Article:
Liquidity Trap Defined: A Keynesian Economics Concept

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The Liquidity Trap: A Keynesian Economics Concept

The liquidity trap is a situation defined in Keynesian economics, the brainchild of British economist John Maynard Keynes (1883-1946). Keynes ideas and economic theories would eventually influence the practice of modern macroeconomics and the economic policies of governments, including the United States.

Keynes’ Liquidity Trap Defined

A liquidity trap is marked by the failure of injections of cash by the central bank into the private banking system to decrease interest rates.

Such a failure indicates a failure in monetary policy, rendering it ineffective in stimulating the economy. Simply put, when expected returns from investments in securities or real plant and equipment are low, investment falls, a recession begins, and cash holdings in banks rise. People and businesses then continue to hold cash because they expect spending and investment to be low creating is a self-fulfilling trap. It is the result of these behaviors (individuals hoarding cash in anticipation of some negative economic event) that render monetary policy ineffective and create the so-called liquidity trap.

Characteristics of a Liquidity Trap

While people’s saving behavior and the ultimate failure of monetary policy to do its job are the primary marks of a liquidity trap, there are some specific characteristics that are common with the condition. First and foremost in a liquidity trap, interest rates are commonly close to zero.

The trap essentially creates a floor under which rates cannot fall, but interest rates are so low that an increase in the money supply causes bond-holders to sell their bonds (in order to gain liquidity) at the detriment to the economy. A second characteristic of a liquidity trap is that fluctuations in the money supply fail to render fluctuations in price levels because of people’s behaviors.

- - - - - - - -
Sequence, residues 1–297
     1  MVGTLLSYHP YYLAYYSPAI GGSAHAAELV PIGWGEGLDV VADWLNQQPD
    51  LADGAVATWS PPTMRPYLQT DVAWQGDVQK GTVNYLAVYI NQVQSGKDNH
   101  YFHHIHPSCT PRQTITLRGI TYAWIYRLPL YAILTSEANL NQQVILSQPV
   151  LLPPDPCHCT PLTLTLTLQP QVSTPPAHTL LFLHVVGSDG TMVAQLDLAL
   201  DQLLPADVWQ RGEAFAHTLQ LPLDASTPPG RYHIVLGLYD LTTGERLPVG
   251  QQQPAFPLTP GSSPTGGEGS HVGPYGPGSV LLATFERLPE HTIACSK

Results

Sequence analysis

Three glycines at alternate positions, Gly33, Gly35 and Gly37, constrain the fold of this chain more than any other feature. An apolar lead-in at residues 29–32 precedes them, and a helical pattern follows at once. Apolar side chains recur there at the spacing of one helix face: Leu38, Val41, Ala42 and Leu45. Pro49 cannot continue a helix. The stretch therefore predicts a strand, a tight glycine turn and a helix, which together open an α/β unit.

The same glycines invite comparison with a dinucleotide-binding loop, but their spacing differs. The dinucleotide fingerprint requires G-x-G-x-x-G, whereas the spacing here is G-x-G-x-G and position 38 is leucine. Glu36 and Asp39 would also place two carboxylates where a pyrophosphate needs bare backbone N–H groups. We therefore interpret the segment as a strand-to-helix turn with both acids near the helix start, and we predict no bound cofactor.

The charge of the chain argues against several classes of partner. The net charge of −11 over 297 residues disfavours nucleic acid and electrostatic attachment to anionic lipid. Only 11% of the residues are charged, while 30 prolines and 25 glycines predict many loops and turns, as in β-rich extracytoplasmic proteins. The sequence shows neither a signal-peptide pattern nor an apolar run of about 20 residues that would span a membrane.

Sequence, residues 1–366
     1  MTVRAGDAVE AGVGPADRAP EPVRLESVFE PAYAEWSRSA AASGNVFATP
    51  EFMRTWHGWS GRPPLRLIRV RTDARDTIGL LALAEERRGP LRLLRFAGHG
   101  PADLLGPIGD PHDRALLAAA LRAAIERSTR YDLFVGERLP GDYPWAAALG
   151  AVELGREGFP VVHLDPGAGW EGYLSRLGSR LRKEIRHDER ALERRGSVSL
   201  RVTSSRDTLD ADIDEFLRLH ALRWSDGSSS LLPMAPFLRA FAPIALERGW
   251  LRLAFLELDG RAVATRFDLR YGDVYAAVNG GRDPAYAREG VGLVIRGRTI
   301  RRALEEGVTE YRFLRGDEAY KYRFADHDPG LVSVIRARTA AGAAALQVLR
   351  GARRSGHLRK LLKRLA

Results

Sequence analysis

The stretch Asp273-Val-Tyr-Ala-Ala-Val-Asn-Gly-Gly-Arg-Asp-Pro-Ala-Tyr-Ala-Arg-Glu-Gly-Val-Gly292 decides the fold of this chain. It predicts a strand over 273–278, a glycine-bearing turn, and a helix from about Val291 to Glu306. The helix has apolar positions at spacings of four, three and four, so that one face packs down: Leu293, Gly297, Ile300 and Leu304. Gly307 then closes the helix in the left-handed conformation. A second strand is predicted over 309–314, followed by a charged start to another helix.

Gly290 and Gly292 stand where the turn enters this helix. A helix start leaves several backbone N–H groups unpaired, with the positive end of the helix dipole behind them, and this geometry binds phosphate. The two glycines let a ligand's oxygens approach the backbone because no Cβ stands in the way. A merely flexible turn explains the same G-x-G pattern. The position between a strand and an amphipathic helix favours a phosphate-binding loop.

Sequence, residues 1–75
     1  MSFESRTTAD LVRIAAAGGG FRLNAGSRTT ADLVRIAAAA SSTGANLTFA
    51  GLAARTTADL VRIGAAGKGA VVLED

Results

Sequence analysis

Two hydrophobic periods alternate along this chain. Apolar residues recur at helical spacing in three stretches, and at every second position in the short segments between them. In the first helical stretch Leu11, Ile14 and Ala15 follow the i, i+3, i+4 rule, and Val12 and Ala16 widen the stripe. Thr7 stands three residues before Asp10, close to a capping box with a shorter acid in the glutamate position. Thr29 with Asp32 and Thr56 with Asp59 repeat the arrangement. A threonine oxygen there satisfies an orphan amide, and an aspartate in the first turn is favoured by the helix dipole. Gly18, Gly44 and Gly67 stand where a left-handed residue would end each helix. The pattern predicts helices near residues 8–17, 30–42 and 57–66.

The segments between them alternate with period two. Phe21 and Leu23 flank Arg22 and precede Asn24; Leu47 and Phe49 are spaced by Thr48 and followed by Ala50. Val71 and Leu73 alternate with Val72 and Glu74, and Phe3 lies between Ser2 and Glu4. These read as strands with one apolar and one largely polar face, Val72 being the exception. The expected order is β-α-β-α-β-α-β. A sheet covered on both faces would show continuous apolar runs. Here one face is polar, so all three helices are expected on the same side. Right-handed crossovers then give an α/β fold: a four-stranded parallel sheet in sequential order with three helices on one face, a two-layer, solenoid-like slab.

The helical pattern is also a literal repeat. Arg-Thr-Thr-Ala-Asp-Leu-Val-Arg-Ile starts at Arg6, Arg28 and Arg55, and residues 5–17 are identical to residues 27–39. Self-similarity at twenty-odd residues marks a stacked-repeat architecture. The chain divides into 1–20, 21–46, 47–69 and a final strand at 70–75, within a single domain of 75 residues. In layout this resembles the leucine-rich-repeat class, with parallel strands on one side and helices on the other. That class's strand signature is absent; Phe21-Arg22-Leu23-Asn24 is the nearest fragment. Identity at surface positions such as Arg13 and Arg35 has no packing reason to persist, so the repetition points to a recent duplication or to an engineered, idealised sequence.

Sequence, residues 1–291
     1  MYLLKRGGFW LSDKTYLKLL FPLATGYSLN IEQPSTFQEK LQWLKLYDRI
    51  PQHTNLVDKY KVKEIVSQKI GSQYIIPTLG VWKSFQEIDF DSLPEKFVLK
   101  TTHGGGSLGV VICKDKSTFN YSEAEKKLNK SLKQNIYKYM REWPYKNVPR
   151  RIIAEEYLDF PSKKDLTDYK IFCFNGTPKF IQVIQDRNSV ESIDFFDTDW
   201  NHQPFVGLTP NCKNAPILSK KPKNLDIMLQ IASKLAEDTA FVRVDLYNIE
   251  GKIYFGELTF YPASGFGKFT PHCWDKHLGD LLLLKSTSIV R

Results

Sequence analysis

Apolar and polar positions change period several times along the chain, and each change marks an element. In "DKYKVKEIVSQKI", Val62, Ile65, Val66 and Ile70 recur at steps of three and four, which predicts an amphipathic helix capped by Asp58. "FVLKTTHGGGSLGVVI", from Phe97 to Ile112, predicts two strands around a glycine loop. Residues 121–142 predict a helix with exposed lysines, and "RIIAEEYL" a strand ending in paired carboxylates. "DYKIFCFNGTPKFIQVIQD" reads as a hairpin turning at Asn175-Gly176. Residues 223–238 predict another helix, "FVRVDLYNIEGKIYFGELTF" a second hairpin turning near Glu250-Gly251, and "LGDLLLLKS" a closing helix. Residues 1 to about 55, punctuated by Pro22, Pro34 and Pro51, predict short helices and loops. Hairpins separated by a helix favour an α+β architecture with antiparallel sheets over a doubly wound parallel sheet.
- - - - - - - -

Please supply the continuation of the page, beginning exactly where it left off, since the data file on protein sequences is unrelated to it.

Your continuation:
Criticisms of the Liquidity Trap Concept

Despite the ground-breaking nature of Keynes ideas and the world-wide influence of his theories, he and his economic theories are not free from their critics. In fact, some economists, particularly those of the Austrian and Chicago schools of economic thought, reject the existence of a liquidity trap altogether. Their argument is that the lack of domestic investment (particularly in bonds) during periods of low interest rates is not a result in people’s desire for liquidity, but rather badly allocated investments and time preference.

Other Liquidity Trap Resources for Further Reading

To learn about important terms related to Liquidity Trap, check out the following:

  • Keynes Effect: A Keynesian economics concept that essentially disappears in the wake of a liquidity trap
  • Pigou Effect: A concept that describes a scenario in which monetary policy could be effective even within the context of a liquidity trap
  • Liquidity: The primary behavioral driver behind the liquidity trap

Resources on the Liquidity Trap:

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Journal Articles on Liquidity Trap

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